Cello debussy LWC1260

Igor Stravinsky (1882-1971)
Suite Italienne for cello and piano (1932)
Francis Poulenc (1899-1963)
Cello Sonata FP143 (1948)
Claude Debussy (1862-1918)
Cello Sonata (1915)
Amalie Stalheim (cello)
Christian Ihle Hadland (piano)
rec. 2022, Sofienburg Church, Oslo, Norway
LAWO Classics LWC1260 [48]

Cellist Amalie Stalheim (b.1993) and pianist Christian Ihle Hadland (b.1983) are well-established award-winning Norwegian solo performers. The pianist had recorded earlier but this disc seems to be the cellist’s debut. They might have chosen Nordic music – the recording is supported by Arts Council Norway – centred on the Grieg sonata perhaps, or just added that 26 minute work to this 48-minute programme. But let me rather review what they have done: short measure aside, this is a fine recital.

This attractive programme features two French composers and a French-speaking Russian who lived much in France at the time. Also, Stravinsky knew Debussy well, and Poulenc cited Stravinsky as his biggest influence: “nothing makes me prouder than to be the friend of such a man”. There is a coherence here even though each piece sounds quite different, and could only have been written by its composer.

Stravinsky arranged movements from his ballet score Pulcinella of 1920 into Suite Italienne. Pulcinella itself was a re-composition of 18th-century pieces then thought to be by Pergolesi (some were written by other composers of the period). In 1925, Stravinsky produced a version for violin and piano. This cello version was a collaboration with the virtuoso cellist Gregor Piatigorsky.

In all version, Stravinsky recreates rather than just transcribing. His neo-classical manners are evident, and this duo relishes them. The players do very well both the livelier and the more lyrical sections of the so-called Aria (third movement). The tricky fourth movement Tarantella is athletically accomplished on both instruments. The fifth item, a delightfully melodic minuet (originally genuine Pergolesi) is marked Moderato, and is phrased very persuasively. It leads directly into the vigorous finale – which here is Molto vivace indeed, as marked. The score suggest 17 minutes for this Suite. This performance is a mere fourteen seconds shorter, and every speed feels exactly right.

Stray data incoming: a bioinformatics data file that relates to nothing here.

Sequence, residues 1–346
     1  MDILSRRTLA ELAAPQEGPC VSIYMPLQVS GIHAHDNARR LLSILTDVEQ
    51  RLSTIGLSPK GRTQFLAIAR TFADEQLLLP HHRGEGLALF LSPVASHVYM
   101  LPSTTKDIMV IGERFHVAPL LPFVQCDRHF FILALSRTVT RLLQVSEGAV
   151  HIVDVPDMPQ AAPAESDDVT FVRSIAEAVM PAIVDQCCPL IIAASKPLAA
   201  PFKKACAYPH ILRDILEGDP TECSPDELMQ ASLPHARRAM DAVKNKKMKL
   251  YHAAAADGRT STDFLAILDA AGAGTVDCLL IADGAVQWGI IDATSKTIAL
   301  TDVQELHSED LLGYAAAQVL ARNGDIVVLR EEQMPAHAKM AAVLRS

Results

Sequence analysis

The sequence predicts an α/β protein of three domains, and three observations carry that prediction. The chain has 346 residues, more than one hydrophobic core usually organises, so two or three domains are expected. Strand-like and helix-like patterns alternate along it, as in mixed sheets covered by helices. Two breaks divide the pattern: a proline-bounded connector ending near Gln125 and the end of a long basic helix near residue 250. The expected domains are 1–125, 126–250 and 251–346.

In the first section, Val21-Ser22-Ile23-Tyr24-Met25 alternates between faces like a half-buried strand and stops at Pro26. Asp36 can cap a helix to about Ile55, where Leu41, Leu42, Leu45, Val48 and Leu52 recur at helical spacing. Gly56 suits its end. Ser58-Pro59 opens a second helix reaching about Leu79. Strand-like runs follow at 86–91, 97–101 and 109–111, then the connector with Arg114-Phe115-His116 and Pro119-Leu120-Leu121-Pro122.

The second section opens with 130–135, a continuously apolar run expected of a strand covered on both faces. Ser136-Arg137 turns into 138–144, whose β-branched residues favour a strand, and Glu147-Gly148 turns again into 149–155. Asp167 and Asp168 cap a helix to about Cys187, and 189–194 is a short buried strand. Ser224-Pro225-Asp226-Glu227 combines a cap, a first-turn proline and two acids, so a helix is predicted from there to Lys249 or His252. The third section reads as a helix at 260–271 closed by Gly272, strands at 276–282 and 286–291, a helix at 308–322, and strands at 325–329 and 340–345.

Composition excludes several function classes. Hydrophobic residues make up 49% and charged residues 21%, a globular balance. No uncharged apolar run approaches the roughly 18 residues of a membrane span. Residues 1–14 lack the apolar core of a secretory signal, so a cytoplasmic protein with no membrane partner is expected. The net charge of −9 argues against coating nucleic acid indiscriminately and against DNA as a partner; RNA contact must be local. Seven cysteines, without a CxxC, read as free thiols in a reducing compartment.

Poulenc’s chamber music with piano favours wind instruments. The piano was his instrument, and he disparaged his own writing for solo strings. Like Stravinsky, he had help from a virtuoso, Pierre Fournier, when he was writing his one cello sonata. They gave the first performance together in Paris in 1949. The composition had a long gestation period, but it still ended up sounding more spontaneous and inventive than deeply pondered. Spontaneity prevails in this account. Lyrical passages enable Amalie Stalheim to show how the cello – instrument closest to the voice, it is sometimes said – can really sing, even with double-stopping. The second movement Cavatine has a touching beauty in Stalheim’s hands. The Ballabile has a swiftly moving first section, alertly played, and the players relax in the middle section as the music seems to invite them to do. The finale (at 6:15, the longest movement on the disc) is perhaps the weakest, but with such responsive and characterful playing it could not be said to outstay its welcome.

Debussy’s Cello Sonata usually plays for around eleven minutes, like here, but in terms of expressive power it comes across as the most substantial work in this programme. The imposing opening is very grandly stated by piano then cello. We then hear the first of many switches of mood in the sonata, wearily melancholy before a stirring return to the opening gesture and a subtly phrased exit. The central Sérénade is elusive in manner. Debussy initially considered a subtitle referring to Pierrot, the sad jester from the Commedia dell’arte theatrical tradition. The cellist captures something of this whimsy when playing both pizzicato and arco. There is a soaring exultation in Stalheim’s playing in the finale which sets the seal on an excellent and well-recorded recital. There is Philip Borg-Wheeler’s very good booklet note, and notes on the performers, all in English only.

Debussy’s sonata is much recorded, the other two pieces less so. I do not know of a recording of these three intriguing pieces together, so this valuable programme should satisfy anyone with interest in this repertoire.

Roy Westbrook

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